Engineers. Designers. Artists. Creatives…Altwork is the new way to work.
Altwork is a team of experienced technology professionals, long-time friends and family who’ve worked on everything from building the world’s fastest recumbent bicycle, to security software used by the US Government, to Burning Man art cars. We’ve created and built successful companies, winning multiple patents in the process. Basically, we like tough challenges with a healthy helping of fun, family and the occasional Zinfandel.
Over five years ago, one of our founders realized how much more productive and comfortable he was when he worked in a reclining position. This also allowed him more flexibility with the position of his keyboard and screen. This sparked an idea that grew and grew through many great conversations and sketches.
Then things got really interesting. After many prototypes, late nights, and $1.5M of angel and founder investment, we proudly present the Altwork Station—the first workstation ever that allows your computer to move with your body, instead of forcing your body to conform to the physical limitations of your computer.
The Altwork Station is an all-in-one solution that moves with you. Press a button to use your computer while sitting, standing, collaborating or in a reclined focus position—including a zero gravity option with the monitor above. For decades, sitting at work was standard; with Altwork, any position can be standard. You choose.
Our goal is to empower high-intensity computer users to be more productive and creative through greater workplace comfort and health. We know a workstation won’t put a human on mars, stop climate change, or cure cancer—but it’s our hope that we can provide a tool that will help the people accomplishing world-changing feats to get there faster by making them more productive and comfortable in their work.
We believe it’s time to move beyond obsolete tables and chairs that constrain our creativity and diminish our health.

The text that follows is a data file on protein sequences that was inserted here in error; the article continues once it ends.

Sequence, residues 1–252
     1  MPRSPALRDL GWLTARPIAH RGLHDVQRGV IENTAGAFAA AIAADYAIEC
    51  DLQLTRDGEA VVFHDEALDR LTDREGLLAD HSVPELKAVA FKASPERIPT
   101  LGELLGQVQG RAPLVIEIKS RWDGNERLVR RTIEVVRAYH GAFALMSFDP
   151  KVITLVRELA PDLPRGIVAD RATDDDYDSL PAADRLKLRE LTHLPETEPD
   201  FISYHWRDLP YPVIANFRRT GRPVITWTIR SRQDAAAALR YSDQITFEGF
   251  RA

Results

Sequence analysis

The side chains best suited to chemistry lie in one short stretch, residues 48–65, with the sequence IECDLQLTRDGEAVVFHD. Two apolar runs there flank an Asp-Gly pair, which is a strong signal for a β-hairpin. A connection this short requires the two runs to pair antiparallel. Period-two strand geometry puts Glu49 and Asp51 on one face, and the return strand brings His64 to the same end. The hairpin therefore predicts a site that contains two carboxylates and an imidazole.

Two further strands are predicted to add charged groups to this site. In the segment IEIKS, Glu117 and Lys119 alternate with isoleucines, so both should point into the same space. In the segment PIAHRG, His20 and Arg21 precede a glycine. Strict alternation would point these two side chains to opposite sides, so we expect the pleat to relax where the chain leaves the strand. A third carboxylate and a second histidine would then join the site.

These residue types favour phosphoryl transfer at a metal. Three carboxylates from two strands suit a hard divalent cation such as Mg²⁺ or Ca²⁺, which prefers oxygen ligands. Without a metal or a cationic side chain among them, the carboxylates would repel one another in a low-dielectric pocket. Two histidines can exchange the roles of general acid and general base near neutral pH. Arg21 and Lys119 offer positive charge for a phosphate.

We believe it’s time computers adapt to us, instead of challenging our bodies to adapt to them.
We believe it’s time for a new way to work.
Che Voigt is a founder and President of Altwork.
This startup is developing integrated furniture for digital professionals who use the computer as their primary creative tool. This company is founded on the idea that modern computers no longer need to be treated like typewriters and adding machines from a 100 years ago.
From 2005 to 2010, Che served as President of L-3 Communications, Sonoma EO, this division of L-3 markets, designs, produces and services ultra high performance stabilized imaging systems The division was formed in 2005. It was a unique merger of an existing L-3 division (Wescam-Sonoma) and a company that Che and his partners founded (Sonoma Design Group). Che, Al Voigt and John Speicher founded SDG. At the end of 1999, Che took over as President. The company developed its product and team rapidly, becoming a strategic acquisition in just 5 years.
Che began his career in aerospace at Versatron Corporation a company started out in his father’s garage and over the next 10 years became an innovation-driven aerospace development firm.
Che has been an active member of the North Bay Angel investment group starting in 1998 and currently serves as the Chair of its board of directors. Che has an active angel investor since 2005.
John Speicher is a founding CTO of Altwork.
It’s fair to say I like to work, I have many interests and many companies and patents to my credit.
I started working in my father’s factory when I was 12. My first business started at 13, rewinding slot car motors for racers at the local slot car track. By high school I was a proficient machinist, welder, and general metal fabricator. At 19 I completed a 2700 lb sports car using a purchased fiberglass Ford GT-40 replica body and 427 Chevy engine. I designed and built the frame, power train (4 speed, engine mounted sideways) and suspension systems. The car was reliable, only leaving me stopped on the side of the road once in 20 years of driving, the result of a little too much hard gear shifting.